The Web as Platform

So what's the point of this site? Although still euphemistically 'in beta', the goal is to create a home page for Web 2.0 developers. Content to include news, reviews, comparisons, and examples. Formal APIs, unofficial APIs, and accidental APIs are all fair game. Anything 'programmatic' that's publicly accessible online from sources including Amazon, Google, eBay, Microsoft,, Feedster, UPS, EVDB, WeatherBug, indeed, Blogger and others.

Why? Because going From Web Page to Web Platform is a big deal. It's immature and a bit ill-defined but full of potential. To particpate as developers requires understanding, and to do that means to know what the parts are and how they work.

Another way to look at this site is from its genesis: frustration. I wanted to get the 'big picture' view of web apis. So I picked-up what books I could find (like Iverson). Pretty good start. But not enough. Then where? Everywhere. Despite what seems like an infinite number of social/web2.0 blogs, sites and businesses, I still couldn't find the 'go-to' place I wanted.

What do I think will be good to include here? Descriptions. Examples. Structured comparisons. Graphs. Relevancy. Debate. With what distinguishing traits?

  • Visual. I'd like the blog to be a bit more graphically rich than average: more diagrams, tables, images, and charts. This will take a bit more time and effort, but hopefully it will keep the signal-to-noise ratio high.
  • Timely. If there's a new, notable API released, it should get listed here ASAP.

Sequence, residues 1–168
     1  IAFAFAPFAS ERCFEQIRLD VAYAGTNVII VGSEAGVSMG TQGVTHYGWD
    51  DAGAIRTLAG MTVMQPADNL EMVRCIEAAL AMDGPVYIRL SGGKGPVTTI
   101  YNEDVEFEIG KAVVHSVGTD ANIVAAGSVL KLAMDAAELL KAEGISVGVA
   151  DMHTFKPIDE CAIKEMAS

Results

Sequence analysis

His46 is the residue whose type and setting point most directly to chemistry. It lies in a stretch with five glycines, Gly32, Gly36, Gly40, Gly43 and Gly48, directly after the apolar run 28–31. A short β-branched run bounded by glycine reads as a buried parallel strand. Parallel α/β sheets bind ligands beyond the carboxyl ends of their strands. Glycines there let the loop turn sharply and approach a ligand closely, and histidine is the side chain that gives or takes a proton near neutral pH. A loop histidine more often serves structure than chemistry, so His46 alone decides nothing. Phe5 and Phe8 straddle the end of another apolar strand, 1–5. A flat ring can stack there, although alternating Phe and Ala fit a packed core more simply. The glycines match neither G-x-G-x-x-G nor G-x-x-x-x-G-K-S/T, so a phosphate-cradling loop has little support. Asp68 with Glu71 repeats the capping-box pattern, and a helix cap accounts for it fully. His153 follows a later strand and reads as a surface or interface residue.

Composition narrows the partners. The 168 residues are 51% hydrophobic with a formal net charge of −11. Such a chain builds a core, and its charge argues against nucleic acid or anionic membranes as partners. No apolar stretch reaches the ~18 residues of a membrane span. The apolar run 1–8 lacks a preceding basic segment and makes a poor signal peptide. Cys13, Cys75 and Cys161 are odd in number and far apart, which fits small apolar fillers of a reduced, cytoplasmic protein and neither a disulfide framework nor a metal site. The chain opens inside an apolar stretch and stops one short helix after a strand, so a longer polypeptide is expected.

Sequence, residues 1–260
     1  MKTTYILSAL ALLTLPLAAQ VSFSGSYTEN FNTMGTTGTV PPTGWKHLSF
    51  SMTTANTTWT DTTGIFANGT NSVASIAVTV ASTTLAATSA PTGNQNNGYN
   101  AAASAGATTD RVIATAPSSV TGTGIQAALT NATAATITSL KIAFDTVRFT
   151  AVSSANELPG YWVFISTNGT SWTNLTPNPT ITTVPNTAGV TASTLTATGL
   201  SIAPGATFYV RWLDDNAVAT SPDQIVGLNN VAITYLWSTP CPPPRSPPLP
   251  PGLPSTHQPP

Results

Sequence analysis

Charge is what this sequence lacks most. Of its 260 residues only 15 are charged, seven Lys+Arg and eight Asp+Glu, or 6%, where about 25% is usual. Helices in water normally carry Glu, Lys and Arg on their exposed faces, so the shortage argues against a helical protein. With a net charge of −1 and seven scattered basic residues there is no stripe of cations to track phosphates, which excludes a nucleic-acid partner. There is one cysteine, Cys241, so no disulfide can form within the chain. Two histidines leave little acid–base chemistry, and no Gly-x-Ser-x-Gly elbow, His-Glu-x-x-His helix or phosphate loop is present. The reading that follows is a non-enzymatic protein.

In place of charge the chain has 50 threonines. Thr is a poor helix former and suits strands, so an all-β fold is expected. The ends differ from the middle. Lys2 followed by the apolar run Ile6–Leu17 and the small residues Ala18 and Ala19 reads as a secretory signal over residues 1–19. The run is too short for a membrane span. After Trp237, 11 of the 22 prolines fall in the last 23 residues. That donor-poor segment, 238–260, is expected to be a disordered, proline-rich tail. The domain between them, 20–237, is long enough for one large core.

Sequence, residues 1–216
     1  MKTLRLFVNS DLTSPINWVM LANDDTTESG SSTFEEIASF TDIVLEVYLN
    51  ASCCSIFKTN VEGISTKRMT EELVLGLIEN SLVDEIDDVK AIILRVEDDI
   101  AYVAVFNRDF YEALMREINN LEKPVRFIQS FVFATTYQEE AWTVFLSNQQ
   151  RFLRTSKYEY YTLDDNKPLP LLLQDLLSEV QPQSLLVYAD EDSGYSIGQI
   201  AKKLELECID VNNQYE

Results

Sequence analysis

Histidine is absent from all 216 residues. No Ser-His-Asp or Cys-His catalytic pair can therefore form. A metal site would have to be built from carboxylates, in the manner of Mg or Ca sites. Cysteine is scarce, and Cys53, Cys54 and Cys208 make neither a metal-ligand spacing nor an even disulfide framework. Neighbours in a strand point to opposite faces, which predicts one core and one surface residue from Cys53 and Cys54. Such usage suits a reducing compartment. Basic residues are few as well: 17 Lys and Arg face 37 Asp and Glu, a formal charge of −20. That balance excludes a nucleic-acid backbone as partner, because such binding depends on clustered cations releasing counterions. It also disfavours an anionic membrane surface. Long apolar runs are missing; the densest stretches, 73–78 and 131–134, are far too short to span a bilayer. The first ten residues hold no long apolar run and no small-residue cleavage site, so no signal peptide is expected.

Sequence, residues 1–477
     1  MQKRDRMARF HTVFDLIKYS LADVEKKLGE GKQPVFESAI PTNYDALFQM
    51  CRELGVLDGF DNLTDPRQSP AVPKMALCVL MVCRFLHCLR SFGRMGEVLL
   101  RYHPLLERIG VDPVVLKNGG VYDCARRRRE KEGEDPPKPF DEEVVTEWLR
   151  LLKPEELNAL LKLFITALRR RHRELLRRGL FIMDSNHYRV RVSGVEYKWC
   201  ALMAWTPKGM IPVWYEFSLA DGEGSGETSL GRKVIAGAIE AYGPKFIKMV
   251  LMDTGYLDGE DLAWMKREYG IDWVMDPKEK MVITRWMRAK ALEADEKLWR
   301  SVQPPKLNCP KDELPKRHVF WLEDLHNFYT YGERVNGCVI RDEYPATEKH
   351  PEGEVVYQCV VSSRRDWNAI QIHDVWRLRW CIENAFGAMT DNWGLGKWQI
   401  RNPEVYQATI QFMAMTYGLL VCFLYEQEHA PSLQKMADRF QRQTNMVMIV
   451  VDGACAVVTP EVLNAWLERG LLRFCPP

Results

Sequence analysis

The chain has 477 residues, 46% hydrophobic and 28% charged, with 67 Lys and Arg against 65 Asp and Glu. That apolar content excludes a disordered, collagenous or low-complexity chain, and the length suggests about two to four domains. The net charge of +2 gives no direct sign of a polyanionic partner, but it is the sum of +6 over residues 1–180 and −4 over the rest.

• Relevant. There are already more APIs than you can shake a debugger at. Some will get more space here than others. Just not enough of my bandwidth. But the key is to provide a sense of relevance, priority and impact (something that can get lost when looking at a set of tags on 'api').
  • Collaborative. Ideally something more than the usual comments and trackbacks. How can this be a more collective effort? Not sure on this just yet.
  • Educational. At the moment it appears there's no shortage of examples of people using the existing APIs. But frankly, to find them takes a lot of legwork. While I like the books, I don't always want to hit Google Hacks, then Amazon Hacks, to the next one. Although, if O'Reilly folks are listening, how about a hack-of-hacks meta-book...
  • Experimental. Is there a way to 'walk the walk' and make use of those APIs to make this site more useful?
  • Explorative. These new APIs have not only their expected usages but what can be really interesting is when smart, clever people build things that the API creators never envisioned. Not only can that happen with a single API but there's also taking multiple APIs to build a whole greater than the sum of its parts.
  • Beyond nuts-and-bolts. Hit the all-important non-technical topics like legal issues (API restrictions or copyright gotchas) and ROI (where's the money?). At the end of the day these topics may moot the endless debates over REST v. SOAP.
  • Agenda-free but not opinion-free. Because really, what fun is a blog if there's no spice to it? But personally I do not really care if it's WS-*, REST, or morse-code-over- HTTP. Just ask good questions, be creative, solve problems.